Social learning and knowledge sharing from generation to generation is a hallmark of a culture among living things. While it’s been documented in many animals including tiny naked mole rats, songbirds, sperm whales, and humans, early social learning has only just been demonstrated in insects.
A study published March 9 in the journal Science is offering evidence that generational knowledge is fundamental for honeybees.
“We are beginning to understand that, like us, animals can pass down information important for their survival through communities and families. Our new research shows that we can now extend such social learning to include insects,” said study co-author and University of California San Diego biologist James Nieh, in a statement.
Nieh and a team of researchers took a deeper look at a bee’s “waggle dance.” Bees have a highly organized community structure and use the waggle dance to tell hivemates where critical food resources are located with an intricate series of movements. In the waggle dance, bees circle around in figure-eight patterns, while wagging their bodies during the central part of the dance. It’s kind of like a breakdance performed at a breakneck speed, with each bee moving a body length in less than one second.
The very precise motions in the dance translate visual information from the environment around the hive, Sending accurate information is especially remarkable since bees must move rapidly across an often uneven honeycomb hive surface. The team discovered that this dance is improved by learning and can be culturally transmitted.
Nieh and fellow researchers Shihao Dong, Tao Lin, and Ken Tan of the Chinese Academy of Sciences created colonies with bees that were all the same age as an experiment to watch how experienced forager bees pass this process down to younger, less-experienced nestmates.
Bees typically begin to dance when they reach the right age and always follow the lead of experienced dancers first, but in these experimental colonies, they weren’t able to learn the waggle dance from older bees.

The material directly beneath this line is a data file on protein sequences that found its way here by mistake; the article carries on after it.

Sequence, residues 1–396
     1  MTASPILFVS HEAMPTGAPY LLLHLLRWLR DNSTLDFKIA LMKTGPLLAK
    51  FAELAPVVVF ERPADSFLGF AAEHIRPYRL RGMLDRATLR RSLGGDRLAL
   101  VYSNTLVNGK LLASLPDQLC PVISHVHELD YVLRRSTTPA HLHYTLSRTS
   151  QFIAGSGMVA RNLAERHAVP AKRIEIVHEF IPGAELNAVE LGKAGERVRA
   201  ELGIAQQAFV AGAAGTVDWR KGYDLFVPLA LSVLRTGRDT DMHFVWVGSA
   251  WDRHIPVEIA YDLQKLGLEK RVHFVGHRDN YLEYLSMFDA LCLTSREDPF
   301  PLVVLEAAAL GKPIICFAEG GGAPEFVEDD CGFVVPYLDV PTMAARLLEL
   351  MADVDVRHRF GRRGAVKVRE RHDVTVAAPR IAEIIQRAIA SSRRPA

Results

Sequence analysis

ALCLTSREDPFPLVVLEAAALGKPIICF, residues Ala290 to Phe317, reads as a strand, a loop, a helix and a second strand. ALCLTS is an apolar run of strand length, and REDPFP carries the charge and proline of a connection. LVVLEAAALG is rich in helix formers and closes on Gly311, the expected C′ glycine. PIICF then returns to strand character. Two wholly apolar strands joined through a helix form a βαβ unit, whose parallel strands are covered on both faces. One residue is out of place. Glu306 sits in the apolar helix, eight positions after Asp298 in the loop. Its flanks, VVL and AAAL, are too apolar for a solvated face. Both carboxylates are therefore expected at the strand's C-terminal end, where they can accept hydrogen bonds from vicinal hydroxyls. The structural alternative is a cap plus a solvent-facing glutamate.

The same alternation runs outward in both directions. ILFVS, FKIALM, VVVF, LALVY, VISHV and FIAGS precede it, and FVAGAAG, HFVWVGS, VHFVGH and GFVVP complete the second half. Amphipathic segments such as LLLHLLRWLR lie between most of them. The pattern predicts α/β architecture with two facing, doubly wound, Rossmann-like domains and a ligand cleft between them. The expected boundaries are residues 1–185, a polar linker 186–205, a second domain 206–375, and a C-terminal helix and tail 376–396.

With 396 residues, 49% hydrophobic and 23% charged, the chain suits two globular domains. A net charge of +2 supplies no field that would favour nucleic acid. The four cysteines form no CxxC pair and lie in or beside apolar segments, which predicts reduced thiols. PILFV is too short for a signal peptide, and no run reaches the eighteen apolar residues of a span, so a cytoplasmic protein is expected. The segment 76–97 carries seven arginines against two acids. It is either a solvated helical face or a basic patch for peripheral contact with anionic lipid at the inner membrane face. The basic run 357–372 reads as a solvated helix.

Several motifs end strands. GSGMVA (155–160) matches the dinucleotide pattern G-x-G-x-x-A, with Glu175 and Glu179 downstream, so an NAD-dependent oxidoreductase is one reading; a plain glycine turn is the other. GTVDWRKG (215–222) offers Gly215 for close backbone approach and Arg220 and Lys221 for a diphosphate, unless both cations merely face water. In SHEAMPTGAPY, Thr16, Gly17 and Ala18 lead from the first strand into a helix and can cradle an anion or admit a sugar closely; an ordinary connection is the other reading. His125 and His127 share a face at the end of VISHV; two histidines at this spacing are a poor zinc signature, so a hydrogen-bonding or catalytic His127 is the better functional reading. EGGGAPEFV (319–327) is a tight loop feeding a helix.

By comparison, the bees that shadowed other dancers in the control colonies that had a mix of different aged bees didn’t have problems learning to waggle. The acquired social cues stayed with them for the roughly 38 day lifespan of the bees in the study.
Those that didn’t learn the correct waggle dance in that critical early stage of learning could improve by watching other dancers and by practicing, but they couldn’t correctly encode the distance which created distinct “dialects.” The dialect was then maintained by the bees for the rest of their lives.
“Scientists believe that bee dialects are shaped by their local environments. If so, it makes sense for a colony to pass on a dialect that is well adapted to this environment,” said Nieh. The results therefore provided evidence that social learning shapes honey bee signaling as it does with early communication in many vertebrate species that also benefit from learning.
The next steps for this research is better understanding the role that the environment plays in shaping bee language. Additionally, the team would like to know more about external threats like pesticides to bees that could disrupt early language learning.
“We know that bees are quite intelligent and have the capacity to do remarkable things,” said Nieh. “Multiple papers and studies have shown that pesticides can harm honey bee cognition and learning, and therefore pesticides might harm their ability to learn how to communicate and potentially even reshape how this communication is transmitted to the next generation of bees in a colony.”